When you’re meeting with the same people at similar locations, even the most successful book groups can fall into a too-familiar routine. Although familiarity and routine are great factors in keeping a successful book group meeting month after month, sometimes a bit of change can vitalise your book group’s dynamic and bring some fun into your discussions. This month, the CAE Book Groups team and CBD-based Melbourne City Readers book group have come up with six top tips for livening up your next meeting.
With the number of book titles being made into TV or theatrical movie releases, there’s no shortage of titles to choose from. Last year alone we saw Dialogue titles such as Sense of an Ending [B2138], The Dinner [B2171], Berlin Syndrome [B2113], The Handmaid’s Tale [B1189], The Cuckoo’s Calling [B2265] and The Glass Castle [B1882] adapted for the big and small screen. You can mix-up your meeting by complementing your book discussion with a movie rental and include comparisons into your discussions, not to mention it also makes for a fun night in with the group. We have even made it easy for you by adding adapted book symbols into our Dialogue, this way you won’t have to search high and low to discover which books have a theatrical or TV release!
Use your discussion notes effectively
Sometimes the discussion of a novel can quickly run out of steam, especially if everyone agrees to either loving or hating the book. In those instances, it can be hard to find new points for discussion or it can cause the discussion to veer off-topic and the meeting to end early. One way to prepare for this is to use your supplied discussion notes to draw ideas, themes, background information and suggested questions to enrich the discussion. You can also use the page references within the discussion notes to flag (with a post-it note!) specific quotes or pages and share them with the group to read out and discuss.
Many of us avid readers are pretty certain about what we like and what we don’t like when choosing books, but that doesn’t mean that certain books or genres can’t surprise us. It’s always important to experiment outside your reading bubble and include new or unique genres, perhaps even giving certain types of books or genres a second-chance. If you devour only literary, realist titles then perhaps changing it up with a thought-provoking speculative fiction title such as The Underground Railroad [B2270], Cloud Atlas [B1875] or The Left Hand of Darkness [B1064] can get you thinking about how speculative fiction addresses real-world problems. Or if your group leans toward historical narratives, maybe a contemporary novel such as The Curious Incident of the Dog at Night Time [B1816], The Fault in Our Stars [B2181] or Of a Boy [B1804] could provide a unique point of view to discuss and consider.
Invite new members
For some long-standing book groups, it can be more about friendship than the actual book discussion, which can often turn into a discussion of similar topics and opinions each month. One way to ‘shake up’ the discussion and experience a new point of view is to open up your book group to new members outside of your work or social circles. Inviting new members won’t just boost the conversation in your book group, but new members will bring their own unique opinions and experiences that may provide a fresh outlook to your monthly meetings. If you’re looking to open up your group but don’t know where to start, you can advertise online, through social media, at your local community centre or by contacting the CAE Book Groups team.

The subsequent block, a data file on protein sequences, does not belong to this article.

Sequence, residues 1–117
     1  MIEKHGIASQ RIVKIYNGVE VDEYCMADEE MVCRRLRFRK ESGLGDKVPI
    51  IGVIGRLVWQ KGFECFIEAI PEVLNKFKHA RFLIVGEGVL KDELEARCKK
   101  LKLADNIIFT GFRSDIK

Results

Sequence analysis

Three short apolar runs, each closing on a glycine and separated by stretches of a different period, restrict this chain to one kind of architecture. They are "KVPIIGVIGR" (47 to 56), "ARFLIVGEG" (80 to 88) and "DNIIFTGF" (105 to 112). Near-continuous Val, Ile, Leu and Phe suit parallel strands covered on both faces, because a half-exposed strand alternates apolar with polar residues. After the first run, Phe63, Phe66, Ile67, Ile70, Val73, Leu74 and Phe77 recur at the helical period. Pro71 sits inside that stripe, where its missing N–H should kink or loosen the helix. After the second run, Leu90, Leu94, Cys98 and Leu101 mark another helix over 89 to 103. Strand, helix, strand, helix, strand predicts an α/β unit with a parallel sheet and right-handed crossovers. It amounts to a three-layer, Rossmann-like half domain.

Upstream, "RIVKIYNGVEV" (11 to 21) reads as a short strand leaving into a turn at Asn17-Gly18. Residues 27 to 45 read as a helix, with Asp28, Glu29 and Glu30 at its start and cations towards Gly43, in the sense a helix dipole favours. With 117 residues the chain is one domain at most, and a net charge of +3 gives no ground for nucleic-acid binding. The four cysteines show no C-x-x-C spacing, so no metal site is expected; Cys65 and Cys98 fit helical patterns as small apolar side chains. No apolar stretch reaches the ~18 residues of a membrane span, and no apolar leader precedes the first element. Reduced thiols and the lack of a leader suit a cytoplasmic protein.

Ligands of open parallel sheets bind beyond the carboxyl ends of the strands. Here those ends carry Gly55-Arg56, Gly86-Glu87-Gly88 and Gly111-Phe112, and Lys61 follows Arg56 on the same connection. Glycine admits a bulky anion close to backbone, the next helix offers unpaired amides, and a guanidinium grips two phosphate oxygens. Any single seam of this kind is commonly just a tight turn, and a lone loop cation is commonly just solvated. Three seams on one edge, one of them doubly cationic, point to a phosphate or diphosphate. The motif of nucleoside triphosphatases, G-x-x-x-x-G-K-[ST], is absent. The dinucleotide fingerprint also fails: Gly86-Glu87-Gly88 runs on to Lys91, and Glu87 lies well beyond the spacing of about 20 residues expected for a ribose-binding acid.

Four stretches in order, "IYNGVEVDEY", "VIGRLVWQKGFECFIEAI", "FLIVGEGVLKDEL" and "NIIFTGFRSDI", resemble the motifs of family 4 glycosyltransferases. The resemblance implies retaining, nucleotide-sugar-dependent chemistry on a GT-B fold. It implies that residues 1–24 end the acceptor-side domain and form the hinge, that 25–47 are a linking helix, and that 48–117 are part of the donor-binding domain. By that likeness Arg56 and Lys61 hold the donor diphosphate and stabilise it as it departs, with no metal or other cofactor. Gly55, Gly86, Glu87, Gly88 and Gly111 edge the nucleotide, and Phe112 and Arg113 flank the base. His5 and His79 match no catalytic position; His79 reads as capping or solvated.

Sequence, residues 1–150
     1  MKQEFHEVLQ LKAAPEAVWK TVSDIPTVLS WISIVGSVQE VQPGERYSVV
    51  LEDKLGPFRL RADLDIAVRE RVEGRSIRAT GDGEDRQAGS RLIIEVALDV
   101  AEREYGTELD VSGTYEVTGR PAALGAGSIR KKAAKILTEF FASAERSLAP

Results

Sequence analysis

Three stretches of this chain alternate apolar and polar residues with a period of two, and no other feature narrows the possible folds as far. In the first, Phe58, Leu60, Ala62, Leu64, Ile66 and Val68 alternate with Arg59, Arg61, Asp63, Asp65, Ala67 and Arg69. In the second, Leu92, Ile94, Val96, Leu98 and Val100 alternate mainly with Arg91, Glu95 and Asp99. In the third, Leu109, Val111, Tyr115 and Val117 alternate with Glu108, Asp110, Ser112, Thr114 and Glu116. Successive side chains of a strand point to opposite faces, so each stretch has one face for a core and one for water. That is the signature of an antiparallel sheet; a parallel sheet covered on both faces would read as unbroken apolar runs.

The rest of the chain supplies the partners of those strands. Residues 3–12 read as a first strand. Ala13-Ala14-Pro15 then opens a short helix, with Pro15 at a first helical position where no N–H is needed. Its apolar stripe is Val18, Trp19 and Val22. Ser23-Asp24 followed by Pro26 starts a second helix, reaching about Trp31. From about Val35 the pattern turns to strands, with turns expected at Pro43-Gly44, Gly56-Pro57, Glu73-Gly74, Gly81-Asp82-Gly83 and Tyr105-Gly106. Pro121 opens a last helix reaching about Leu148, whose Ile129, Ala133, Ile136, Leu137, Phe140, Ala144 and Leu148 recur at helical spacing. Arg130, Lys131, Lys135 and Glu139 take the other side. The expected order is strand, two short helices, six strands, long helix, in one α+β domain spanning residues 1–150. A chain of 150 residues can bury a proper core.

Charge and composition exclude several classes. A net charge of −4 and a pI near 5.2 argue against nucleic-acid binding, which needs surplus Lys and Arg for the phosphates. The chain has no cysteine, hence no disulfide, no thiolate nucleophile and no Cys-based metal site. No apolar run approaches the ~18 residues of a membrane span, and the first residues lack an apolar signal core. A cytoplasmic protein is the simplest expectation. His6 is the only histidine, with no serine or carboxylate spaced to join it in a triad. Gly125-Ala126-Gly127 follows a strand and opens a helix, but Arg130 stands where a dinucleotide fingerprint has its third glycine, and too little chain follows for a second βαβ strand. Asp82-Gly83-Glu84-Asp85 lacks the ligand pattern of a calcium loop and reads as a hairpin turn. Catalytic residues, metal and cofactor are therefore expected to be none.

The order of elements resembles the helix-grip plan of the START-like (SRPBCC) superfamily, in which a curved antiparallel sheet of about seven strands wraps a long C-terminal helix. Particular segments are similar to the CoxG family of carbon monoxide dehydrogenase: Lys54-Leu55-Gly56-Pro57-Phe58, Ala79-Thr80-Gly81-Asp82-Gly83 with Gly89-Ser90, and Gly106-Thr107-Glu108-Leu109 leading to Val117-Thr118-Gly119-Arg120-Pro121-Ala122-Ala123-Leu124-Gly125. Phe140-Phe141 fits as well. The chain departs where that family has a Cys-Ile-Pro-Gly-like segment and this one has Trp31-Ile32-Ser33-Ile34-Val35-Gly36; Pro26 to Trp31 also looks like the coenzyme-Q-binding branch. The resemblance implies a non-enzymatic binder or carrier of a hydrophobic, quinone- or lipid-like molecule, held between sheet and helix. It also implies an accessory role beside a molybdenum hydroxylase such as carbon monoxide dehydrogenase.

Asking one person to cater for an entire group can be a great ask, and oftentimes book groups stay away from organising food for this reason. One way to add flavour to your meeting is a ‘potluck’ dinner, where each person brings their own signature or themed dish for the entire group to share. For book group’s that don’t meet in a location where it’s possible to BYO food, a potluck surprise could be alternating members organising a restaurant, pub or café so the meeting won’t just expand your mind, but will also expand your palate.
Investigate current affairs and controversial reviews
Most literary titles can be tied into discussions about current court cases, social movements or societal issues (such as immigration, economic inequality or equal rights to name a few) to give the novel an immediate relevance to current affairs. Tying your book discussion into immediate issues sourced from news articles, essays or opinion pieces can provoke a larger discussion and draw out differing points of view to get your group talking right to the end. Another tip to enrich your group’s discussion is to go online and source controversial professional or public reviews as an additional talking point to discover whether your group agrees or disagrees, and why. After all, it’s usually the disagreements that generate the richest of discussions!